fundamental of insurance

Insurance is the fundamental of insurance by which individuals and firms transfer some of their risk to an outside entity in exchange for a small premium. This enables them to survive financial hardships that would otherwise be overwhelming. Risk-sharing is fundamental to the insurance business and is considered both sound business practice and a form of social behavior rooted in accepted principles of ethics.

In addition to its core purpose of protecting people from financial disasters, the industry is a major contributor to economic growth. Consumers benefit by having access to a wide range of goods and services, business enterprises benefit from the transfer of potentially crippling risk, and governments gain tax revenues that support a wide array of public programs.

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A basic principle of insurance is that the insured must have an insurable interest in the subject matter covered by the policy. This is the primary reason for the requirement of utmost good faith in insurance contracts. It also ensures that the insurer discloses all information that may affect the insured’s loss. This is especially important in life insurance contracts. The principle of proximate cause is another fundamental principle that the insurer must uphold. This entails that the insured will be compensated for the amount of loss caused by the event, but not any amount that exceeds this.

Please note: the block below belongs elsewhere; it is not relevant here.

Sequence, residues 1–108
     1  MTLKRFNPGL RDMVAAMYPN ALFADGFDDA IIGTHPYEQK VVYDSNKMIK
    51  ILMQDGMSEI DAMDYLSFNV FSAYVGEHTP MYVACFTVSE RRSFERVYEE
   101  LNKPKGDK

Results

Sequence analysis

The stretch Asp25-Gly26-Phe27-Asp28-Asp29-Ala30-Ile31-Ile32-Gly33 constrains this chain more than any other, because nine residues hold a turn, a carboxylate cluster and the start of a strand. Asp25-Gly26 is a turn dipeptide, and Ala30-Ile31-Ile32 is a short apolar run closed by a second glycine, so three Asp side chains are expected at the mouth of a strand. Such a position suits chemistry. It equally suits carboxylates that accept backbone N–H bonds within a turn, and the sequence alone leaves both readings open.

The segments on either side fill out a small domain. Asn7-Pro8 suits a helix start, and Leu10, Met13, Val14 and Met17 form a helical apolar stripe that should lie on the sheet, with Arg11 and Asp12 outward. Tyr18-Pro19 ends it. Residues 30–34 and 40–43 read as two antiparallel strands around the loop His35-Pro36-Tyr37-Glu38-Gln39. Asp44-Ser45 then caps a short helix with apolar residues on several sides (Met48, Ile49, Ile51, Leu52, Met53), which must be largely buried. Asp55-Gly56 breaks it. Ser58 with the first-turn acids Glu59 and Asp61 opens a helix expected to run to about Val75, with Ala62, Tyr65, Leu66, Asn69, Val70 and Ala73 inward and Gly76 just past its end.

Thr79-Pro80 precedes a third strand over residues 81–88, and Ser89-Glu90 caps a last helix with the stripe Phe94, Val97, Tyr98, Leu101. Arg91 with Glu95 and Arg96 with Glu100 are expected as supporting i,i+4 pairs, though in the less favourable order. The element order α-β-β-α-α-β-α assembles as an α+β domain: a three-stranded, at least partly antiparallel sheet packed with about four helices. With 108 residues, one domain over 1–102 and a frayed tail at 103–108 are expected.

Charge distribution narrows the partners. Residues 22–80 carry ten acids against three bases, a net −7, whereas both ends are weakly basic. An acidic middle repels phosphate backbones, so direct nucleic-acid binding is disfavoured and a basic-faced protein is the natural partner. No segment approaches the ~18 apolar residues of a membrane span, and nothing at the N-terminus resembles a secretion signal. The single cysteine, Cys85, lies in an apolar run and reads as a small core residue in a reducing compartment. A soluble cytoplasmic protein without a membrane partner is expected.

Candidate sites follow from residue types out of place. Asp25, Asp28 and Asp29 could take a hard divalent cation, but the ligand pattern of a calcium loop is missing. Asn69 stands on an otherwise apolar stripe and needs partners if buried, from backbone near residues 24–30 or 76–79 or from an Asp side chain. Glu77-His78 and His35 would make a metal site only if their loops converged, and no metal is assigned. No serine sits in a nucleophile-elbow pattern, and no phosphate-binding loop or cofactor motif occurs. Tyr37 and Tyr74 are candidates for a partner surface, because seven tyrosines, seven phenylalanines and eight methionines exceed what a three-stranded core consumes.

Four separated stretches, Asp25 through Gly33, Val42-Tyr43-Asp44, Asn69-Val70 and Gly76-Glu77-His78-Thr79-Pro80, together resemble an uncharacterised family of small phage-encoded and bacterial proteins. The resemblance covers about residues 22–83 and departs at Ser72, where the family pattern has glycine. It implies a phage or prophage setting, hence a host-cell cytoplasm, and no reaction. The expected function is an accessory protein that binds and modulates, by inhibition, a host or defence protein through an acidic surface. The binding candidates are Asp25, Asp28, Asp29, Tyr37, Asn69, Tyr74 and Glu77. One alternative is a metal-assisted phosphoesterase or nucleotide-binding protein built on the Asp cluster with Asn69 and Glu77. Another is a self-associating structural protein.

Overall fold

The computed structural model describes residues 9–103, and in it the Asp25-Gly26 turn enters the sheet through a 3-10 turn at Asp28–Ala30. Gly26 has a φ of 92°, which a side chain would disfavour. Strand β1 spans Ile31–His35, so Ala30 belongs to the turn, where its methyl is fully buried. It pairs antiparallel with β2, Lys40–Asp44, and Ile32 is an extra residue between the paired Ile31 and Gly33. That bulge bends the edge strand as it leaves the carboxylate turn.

The principle of indemnity is one of the most fundamental principles of insurance and is also the most controversial. This means that the insured should be put back in the same financial position that he was before the loss. This is why many insurers will only cover the cost of replacement or repair and not the full market value of the subject matter.

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